recycled. It also considers whether the components are made of materials that can be


Hazardous Materials in Design for Environment

A key consideration in the practice of design for environment is the reduction of

the dispersal of hazardous materials and pollutants. This can entail the reduction or

© 2001 CRC Press LLC

elimination of hazardous materials in manufacture, an example of which was the

replacement of stratospheric ozone-depleting chlorofluorocarbons (CFCs) in foam

blowing of plastics. If appropriate substitutes can be found, somewhat toxic and

persistent chlorinated solvents should not be used in manufacturing applications such

as parts washing. The use of hazardous materials in the product—such as batteries

containing toxic cadmium, mercury, and lead—should be eliminated or minimized.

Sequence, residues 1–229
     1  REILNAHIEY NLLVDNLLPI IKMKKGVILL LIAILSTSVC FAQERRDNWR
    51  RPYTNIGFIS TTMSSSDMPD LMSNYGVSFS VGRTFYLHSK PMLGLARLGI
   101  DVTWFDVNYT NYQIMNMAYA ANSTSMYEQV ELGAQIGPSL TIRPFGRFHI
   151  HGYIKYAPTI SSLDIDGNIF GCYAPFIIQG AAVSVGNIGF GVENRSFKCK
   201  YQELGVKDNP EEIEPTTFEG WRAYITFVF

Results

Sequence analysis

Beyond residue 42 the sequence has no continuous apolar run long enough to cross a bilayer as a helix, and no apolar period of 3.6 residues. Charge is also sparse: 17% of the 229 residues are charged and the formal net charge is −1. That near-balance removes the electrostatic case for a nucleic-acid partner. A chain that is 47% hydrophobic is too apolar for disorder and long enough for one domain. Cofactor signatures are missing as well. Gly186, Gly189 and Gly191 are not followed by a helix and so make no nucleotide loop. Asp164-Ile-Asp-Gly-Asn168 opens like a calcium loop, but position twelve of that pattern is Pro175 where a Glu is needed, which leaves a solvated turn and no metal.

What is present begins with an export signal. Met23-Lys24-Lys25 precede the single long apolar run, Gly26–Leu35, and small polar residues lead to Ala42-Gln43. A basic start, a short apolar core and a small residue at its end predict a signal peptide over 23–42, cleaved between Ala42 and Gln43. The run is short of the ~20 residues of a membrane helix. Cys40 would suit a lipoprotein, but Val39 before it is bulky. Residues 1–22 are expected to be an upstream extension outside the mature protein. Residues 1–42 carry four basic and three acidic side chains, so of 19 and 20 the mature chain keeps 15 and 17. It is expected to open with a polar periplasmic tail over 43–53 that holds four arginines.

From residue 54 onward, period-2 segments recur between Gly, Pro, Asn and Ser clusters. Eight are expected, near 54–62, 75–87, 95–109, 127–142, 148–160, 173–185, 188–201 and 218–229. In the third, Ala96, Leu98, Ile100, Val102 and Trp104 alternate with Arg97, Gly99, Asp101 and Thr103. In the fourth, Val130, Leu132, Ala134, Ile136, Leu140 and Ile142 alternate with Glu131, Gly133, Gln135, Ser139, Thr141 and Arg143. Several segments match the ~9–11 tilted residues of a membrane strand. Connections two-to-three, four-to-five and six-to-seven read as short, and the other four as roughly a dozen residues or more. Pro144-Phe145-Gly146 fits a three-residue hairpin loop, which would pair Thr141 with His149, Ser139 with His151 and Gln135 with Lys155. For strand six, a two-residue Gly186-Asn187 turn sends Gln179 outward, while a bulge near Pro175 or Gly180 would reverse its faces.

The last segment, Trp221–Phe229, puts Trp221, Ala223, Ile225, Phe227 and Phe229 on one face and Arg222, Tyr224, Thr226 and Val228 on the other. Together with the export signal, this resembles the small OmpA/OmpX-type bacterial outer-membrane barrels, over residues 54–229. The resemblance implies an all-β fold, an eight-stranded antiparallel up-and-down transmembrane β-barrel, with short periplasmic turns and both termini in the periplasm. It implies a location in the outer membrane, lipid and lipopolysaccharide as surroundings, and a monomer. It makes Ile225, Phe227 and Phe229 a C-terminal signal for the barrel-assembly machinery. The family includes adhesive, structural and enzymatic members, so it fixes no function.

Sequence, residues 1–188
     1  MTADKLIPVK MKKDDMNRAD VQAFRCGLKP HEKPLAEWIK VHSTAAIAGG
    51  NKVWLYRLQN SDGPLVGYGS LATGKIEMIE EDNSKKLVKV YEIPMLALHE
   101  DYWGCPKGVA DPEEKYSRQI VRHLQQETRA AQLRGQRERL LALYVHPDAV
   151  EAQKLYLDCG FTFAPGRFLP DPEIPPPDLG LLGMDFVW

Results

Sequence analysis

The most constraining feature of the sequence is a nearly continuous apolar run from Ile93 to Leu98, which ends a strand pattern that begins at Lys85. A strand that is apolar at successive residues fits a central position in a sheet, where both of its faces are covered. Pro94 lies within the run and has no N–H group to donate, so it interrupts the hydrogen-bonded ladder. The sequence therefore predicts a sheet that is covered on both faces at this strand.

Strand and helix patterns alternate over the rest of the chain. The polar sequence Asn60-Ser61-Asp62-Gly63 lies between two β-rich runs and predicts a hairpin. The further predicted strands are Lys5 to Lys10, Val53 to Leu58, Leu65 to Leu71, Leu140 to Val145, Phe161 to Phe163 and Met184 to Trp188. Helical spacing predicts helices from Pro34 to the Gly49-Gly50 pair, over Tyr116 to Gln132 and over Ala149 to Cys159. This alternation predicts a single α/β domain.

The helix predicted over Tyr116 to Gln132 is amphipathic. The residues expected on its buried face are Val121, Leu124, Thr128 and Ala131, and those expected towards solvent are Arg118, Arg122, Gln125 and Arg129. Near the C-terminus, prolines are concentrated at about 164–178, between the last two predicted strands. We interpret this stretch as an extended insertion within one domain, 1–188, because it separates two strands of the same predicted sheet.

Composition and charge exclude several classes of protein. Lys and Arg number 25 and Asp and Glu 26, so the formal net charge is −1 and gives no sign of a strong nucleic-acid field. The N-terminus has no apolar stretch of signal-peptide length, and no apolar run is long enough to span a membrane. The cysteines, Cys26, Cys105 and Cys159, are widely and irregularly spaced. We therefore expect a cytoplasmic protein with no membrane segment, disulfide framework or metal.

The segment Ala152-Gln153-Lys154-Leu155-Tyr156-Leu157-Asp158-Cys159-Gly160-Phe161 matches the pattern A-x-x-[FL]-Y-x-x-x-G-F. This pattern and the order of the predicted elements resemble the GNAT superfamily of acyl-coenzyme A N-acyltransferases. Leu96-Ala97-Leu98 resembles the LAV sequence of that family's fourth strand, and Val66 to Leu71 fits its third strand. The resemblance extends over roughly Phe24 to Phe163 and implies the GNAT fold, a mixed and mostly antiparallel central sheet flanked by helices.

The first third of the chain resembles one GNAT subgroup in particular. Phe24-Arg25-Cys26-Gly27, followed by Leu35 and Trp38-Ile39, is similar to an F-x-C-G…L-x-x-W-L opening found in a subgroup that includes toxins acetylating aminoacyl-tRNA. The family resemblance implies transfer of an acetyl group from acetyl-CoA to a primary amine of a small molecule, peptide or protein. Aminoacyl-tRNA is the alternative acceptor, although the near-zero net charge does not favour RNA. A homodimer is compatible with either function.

Pigments containing heavy metal cadmium or lead should not be used if there are any

possible substitutes. The substitution of hydrochlorofluorocarbons and

hydrofluorocarbons for ozone-depleting CFCs in products (refrigerators and air

conditioners) is an example of a major reduction in environmentally damaging

materials in products. The elimination of extremely persistent polychlorinated

biphenyls (PCBs) from electrical transformers removed a major hazardous waste

problem due to the use of a common product (although PCB spills and contamination

from the misuse and disassembly of old transformers has remained a persistent

problem even up to the present).



Figure 19.8 provides an overview of an integrated industrial ecosystem including

all the components defined and discussed earlier in this chapter. Such a system can be